Jealousy

Jealousy is an interesting emotion, or feeling, or whatever the hell it actually is; certainly one of the deadly sins. I’ve been accused of being jealous of other people plenty of times in my life, which is kind of funny. Maybe when I was a kid I experienced jealousy of other people and their accomplishments, but not so much the older I got. I’ve never been jealous of other writers; I’ve never envied them their successes or big contracts or movie rights sales. I may want those things, but I certainly am not jealous of those who have them or are getting them or will get them in the future. I’m usually happy to see writers succeed, or win awards, or get nominated for awards, or get selected to best of lists, and so forth.

It’s not for me to decide who deserves what, nor is it for me to question anyone’s success. It’s counterproductive, and I’d rather not spend my time seething because someone else got a bigger piece of cake than I did. I just write what I write and hope people think it’s interesting or intriguing enough to read, and that those who do, enjoy themselves.

SIDEBAR: I do, however, reserve the right to say what the actual living fuck when I see things like I saw yesterday on Twitter; tweets and links to articles about how straight white male debut authors got ridiculous amounts of money upfront, after which the book proceeded to tank, and the writer disappeared into some sort of oblivion afterward. I have seen that happen quite a bit during my years in this business, and it’s almost always, inevitably, some straight white dude with a few short story sales to prestigious literary magazines and the right educational pedigree, inevitably writing something not particularly new. I’m not jealous; I just don’t understand the mentality behind those business decisions. I also feel sorry for the writer; I cannot imagine how horrible it would feel to have all these expectations placed on you (soothed, undoubtedly, by that insane amount of filthy lucre) only to have your career come to a screeching halt suddenly. Oh, I’m sure they’ll publish another book sometime for a more modest advance, or write reviews for important newspapers and magazines, the occasional short story; but for me, it would have been hellish to write one book and then never publish another.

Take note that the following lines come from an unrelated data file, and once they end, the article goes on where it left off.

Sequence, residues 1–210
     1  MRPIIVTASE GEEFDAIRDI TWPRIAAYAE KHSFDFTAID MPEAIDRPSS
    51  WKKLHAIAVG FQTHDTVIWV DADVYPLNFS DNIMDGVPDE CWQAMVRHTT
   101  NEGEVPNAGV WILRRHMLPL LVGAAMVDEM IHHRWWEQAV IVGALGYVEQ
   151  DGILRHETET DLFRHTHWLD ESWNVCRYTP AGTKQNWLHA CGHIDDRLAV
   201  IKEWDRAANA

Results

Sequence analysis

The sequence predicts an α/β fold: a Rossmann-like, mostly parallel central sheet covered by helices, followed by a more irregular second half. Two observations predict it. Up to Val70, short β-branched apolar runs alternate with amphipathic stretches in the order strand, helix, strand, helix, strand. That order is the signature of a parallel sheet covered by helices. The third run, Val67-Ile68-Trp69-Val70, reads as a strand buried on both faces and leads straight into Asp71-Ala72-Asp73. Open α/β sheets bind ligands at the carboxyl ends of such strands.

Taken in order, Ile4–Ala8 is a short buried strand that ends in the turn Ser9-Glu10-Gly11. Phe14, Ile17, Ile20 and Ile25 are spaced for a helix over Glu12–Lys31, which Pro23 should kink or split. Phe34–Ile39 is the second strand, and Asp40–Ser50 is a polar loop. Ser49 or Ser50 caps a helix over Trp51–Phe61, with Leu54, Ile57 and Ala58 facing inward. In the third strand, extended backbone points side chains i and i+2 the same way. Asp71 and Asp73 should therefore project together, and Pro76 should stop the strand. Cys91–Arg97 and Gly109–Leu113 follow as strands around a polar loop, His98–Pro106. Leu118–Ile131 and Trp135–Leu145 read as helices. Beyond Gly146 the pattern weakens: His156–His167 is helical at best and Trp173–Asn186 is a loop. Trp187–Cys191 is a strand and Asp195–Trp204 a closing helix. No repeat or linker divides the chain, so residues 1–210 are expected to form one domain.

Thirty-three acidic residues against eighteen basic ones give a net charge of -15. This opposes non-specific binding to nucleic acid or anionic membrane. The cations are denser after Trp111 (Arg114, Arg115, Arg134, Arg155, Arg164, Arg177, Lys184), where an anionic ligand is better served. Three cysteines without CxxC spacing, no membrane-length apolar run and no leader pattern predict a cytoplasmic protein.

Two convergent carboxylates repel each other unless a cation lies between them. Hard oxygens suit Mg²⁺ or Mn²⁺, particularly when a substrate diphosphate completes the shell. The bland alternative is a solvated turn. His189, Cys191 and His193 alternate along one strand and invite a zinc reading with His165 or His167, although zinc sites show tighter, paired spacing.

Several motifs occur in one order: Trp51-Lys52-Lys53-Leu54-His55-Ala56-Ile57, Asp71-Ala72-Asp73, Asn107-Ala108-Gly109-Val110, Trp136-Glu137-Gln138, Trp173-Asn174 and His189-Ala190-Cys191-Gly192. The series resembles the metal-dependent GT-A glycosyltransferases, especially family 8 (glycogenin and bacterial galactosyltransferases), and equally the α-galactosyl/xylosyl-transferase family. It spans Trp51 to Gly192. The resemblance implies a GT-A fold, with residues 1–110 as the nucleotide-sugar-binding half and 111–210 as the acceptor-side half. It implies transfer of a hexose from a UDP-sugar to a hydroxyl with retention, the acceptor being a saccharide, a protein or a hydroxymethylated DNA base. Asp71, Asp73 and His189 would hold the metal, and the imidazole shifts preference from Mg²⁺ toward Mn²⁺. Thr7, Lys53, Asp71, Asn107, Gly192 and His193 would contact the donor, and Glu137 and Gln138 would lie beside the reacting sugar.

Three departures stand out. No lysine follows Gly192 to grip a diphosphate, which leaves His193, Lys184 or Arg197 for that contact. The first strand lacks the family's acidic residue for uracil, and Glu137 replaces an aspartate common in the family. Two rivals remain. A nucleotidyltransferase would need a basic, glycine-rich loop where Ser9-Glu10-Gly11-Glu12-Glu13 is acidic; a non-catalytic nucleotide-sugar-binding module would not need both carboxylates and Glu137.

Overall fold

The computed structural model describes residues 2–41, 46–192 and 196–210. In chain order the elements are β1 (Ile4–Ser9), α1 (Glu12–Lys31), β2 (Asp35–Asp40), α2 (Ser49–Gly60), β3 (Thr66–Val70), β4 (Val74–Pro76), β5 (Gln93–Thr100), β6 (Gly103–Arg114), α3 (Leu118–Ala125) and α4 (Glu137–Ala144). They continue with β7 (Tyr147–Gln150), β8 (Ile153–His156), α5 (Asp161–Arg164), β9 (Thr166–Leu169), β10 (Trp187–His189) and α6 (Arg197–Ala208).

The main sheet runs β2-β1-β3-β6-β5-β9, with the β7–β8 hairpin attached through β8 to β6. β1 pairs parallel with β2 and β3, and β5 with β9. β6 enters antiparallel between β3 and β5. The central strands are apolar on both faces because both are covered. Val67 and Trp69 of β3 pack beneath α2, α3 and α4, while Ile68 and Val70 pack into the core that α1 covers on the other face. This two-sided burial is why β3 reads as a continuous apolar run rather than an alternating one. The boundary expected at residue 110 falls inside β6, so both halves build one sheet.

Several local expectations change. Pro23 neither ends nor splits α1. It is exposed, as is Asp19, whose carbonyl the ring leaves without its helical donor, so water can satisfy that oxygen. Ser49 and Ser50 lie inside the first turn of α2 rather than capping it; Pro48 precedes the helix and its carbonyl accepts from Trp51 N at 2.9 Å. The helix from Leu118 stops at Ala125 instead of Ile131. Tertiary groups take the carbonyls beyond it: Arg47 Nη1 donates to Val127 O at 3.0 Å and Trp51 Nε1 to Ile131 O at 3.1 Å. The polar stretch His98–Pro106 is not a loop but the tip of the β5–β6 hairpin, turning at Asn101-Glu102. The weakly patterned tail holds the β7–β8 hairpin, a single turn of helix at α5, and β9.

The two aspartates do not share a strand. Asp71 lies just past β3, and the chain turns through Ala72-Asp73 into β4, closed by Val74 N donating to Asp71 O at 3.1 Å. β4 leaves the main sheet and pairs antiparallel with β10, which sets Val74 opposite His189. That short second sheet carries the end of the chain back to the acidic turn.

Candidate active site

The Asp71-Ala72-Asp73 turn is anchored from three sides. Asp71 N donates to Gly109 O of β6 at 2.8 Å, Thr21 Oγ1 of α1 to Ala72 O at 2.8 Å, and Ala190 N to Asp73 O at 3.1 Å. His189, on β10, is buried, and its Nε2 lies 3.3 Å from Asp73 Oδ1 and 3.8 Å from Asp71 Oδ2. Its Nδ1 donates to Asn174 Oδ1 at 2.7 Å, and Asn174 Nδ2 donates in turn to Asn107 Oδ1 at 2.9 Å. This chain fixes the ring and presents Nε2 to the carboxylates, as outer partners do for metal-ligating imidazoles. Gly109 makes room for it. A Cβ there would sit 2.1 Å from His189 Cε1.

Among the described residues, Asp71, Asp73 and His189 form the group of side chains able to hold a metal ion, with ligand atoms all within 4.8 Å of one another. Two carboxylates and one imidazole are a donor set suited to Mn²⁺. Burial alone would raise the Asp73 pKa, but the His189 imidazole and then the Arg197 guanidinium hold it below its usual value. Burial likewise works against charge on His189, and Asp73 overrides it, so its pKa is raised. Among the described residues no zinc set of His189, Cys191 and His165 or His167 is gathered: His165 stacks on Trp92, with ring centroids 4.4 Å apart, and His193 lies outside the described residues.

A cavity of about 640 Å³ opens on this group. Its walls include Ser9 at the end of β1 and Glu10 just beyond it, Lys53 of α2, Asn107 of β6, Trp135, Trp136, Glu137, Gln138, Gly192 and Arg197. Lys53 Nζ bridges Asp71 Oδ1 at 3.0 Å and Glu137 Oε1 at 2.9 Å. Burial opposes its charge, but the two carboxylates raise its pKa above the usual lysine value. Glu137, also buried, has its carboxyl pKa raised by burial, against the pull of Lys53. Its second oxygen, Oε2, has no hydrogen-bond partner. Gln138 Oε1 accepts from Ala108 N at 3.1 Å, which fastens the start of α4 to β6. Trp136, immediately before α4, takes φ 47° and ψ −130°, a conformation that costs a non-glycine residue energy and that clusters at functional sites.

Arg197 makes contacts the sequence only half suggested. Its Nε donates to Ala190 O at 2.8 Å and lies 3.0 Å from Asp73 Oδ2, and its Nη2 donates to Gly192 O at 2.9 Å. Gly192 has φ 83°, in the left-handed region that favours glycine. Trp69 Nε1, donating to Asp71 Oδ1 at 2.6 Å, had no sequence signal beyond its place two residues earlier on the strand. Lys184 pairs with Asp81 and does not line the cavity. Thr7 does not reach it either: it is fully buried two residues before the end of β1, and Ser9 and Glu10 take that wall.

So, sometimes there are times when I think oh you should push to get an agent much harder–keep trying or I would really like to land a nice two-book deal with one of the Big 5–and then I think, I don’t like like stress and pressure; writing and publishing the books I do, on the smaller end of the publishing scale causes me enough stress and the pressure is horrific and I cannot imagine being able to handle it on a much grander scale.

I mean, I’m already crazy; do I need to add things to make me crazier?